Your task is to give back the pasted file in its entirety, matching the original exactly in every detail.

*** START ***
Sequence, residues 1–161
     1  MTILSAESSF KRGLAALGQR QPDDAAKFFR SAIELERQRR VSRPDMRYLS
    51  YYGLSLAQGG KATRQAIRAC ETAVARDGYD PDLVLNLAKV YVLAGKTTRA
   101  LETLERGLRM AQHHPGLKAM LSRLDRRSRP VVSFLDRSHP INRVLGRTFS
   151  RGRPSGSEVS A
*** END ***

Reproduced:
Sequence, residues 1–161
     1  MTILSAESSF KRGLAALGQR QPDDAAKFFR SAIELERQRR VSRPDMRYLS
    51  YYGLSLAQGG KATRQAIRAC ETAVARDGYD PDLVLNLAKV YVLAGKTTRA
   101  LETLERGLRM AQHHPGLKAM LSRLDRRSRP VVSFLDRSHP INRVLGRTFS
   151  RGRPSGSEVS A